Sure, the building was over 100 years old. Sure, it was once a classic blues bar. None of that matters because the building was a also disaster. Worn pale yellow paint covered the steel facade, the door was boarded up, and there was tattered parcel paper covering the mess that was left inside when the Fat Angel ran screaming from the rat infested shit hole. That could all be cleaned up, but it's a little harder to clean up the giant cracks in the exterior walls and the structural problems made apparent by the fact the building had a noticible horizontal bend in it.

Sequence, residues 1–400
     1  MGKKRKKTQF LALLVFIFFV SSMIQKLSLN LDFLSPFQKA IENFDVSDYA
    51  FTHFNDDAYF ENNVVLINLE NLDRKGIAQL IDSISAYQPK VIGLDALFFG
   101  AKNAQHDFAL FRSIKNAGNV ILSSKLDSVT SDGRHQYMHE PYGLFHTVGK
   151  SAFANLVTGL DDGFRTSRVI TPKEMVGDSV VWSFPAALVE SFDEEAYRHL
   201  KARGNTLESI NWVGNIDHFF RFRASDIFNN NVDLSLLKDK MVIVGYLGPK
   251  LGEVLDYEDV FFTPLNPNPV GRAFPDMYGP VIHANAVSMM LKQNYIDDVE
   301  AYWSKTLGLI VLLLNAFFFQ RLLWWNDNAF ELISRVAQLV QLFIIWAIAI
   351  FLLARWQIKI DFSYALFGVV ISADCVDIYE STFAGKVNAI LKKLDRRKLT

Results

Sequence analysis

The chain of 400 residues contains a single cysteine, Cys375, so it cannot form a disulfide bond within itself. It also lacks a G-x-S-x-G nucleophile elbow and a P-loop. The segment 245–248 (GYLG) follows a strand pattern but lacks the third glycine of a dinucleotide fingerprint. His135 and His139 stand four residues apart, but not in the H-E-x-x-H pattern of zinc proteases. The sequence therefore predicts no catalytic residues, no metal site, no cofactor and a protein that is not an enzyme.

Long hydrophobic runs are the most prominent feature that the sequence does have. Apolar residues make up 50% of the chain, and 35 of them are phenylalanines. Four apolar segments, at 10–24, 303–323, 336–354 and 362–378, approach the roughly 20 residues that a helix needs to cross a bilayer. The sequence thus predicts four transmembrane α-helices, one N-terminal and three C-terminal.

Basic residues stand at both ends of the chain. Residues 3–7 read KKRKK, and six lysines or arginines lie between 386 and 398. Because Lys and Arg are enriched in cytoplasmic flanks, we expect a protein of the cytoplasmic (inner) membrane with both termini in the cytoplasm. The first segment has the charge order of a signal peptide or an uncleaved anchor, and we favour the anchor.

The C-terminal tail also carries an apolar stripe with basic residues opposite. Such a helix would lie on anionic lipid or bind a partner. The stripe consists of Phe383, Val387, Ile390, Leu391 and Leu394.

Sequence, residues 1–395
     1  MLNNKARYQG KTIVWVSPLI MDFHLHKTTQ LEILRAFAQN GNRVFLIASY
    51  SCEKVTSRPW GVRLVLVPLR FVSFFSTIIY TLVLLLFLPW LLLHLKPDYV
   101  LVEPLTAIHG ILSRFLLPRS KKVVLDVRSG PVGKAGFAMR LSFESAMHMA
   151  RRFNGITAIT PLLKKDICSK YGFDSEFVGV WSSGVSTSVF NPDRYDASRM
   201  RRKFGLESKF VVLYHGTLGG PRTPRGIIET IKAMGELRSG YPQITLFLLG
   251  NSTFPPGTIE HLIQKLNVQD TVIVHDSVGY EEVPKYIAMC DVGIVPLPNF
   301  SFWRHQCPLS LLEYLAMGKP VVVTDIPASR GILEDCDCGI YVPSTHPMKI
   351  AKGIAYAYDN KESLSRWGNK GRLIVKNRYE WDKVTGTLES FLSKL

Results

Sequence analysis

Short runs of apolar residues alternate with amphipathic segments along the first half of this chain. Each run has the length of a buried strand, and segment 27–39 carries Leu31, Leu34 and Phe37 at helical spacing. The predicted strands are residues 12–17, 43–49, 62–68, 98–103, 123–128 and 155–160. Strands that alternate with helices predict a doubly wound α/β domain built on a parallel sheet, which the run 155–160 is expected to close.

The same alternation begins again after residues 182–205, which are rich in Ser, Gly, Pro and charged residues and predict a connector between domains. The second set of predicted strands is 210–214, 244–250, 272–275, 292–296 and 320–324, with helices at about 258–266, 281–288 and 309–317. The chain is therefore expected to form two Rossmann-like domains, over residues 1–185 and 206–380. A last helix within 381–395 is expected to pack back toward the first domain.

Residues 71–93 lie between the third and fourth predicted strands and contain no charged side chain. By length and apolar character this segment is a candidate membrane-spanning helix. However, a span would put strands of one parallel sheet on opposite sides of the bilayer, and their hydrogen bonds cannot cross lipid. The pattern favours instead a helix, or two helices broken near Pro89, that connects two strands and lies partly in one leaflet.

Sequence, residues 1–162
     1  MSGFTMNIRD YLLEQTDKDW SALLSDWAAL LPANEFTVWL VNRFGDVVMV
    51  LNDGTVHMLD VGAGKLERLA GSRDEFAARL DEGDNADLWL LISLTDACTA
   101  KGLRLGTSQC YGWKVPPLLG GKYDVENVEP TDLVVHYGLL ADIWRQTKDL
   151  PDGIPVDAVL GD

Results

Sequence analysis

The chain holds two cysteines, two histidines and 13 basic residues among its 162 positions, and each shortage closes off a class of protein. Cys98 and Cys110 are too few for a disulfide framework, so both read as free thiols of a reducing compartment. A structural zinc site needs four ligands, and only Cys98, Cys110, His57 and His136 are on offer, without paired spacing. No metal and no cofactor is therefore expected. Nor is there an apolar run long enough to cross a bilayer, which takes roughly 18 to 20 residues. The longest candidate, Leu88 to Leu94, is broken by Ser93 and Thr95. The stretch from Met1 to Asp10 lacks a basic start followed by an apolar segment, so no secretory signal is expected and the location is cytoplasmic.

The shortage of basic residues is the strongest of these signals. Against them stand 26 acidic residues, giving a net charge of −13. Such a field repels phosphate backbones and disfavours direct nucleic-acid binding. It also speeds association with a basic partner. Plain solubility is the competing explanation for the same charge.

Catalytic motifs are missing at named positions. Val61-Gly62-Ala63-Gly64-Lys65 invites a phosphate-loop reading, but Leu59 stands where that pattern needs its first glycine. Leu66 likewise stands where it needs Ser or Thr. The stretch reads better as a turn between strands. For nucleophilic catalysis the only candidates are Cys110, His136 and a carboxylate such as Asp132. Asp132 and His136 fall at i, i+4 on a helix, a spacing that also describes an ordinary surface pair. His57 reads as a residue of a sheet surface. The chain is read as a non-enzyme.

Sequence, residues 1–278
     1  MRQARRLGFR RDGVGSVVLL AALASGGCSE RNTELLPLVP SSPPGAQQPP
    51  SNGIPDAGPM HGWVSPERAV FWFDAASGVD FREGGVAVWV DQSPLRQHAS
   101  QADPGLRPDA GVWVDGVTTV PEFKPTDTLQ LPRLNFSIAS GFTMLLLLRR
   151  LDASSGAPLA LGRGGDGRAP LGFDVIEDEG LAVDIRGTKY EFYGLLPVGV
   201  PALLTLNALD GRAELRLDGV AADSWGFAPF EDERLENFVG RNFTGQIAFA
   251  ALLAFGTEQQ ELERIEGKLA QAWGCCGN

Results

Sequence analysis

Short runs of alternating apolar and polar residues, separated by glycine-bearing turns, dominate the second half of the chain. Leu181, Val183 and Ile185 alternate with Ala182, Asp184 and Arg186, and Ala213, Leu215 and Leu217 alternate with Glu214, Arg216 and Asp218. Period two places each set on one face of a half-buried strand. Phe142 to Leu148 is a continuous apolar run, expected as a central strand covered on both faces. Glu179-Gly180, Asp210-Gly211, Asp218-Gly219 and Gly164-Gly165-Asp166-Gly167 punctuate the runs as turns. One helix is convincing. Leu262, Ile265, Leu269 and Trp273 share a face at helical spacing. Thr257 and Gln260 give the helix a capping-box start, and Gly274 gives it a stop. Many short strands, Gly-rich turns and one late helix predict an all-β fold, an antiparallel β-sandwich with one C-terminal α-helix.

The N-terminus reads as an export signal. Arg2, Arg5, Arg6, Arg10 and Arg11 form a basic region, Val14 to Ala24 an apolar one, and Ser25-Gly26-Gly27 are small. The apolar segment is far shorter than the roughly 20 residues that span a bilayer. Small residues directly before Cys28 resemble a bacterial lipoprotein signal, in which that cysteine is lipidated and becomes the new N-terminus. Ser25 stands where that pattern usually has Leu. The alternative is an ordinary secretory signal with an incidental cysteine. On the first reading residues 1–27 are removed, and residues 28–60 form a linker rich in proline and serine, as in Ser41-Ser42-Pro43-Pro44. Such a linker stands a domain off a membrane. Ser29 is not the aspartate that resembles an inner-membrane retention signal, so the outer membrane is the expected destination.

Nobody was ever going to lease this building again. The building died. Period. We have to move on.

The APTN building

What kind of a demented architect would design a building with blue plastic panels on the side and a giant windowless ribbed concrete wall facing the street? I have seriously considered getting my pilot's license for the sole purpose of flying an airplane into this hideous building.

The plastic panels are tacky, but if that were the only crime I could live with that, just as I can live with the 4Play sports bar building a block away or the Newport building across the street. However, when you take a tacky building and add an industrial concrete front with no windows except on the bottom and top floors, you get something that is so ridiculously fugly that it should be evacuated immediately and imploded.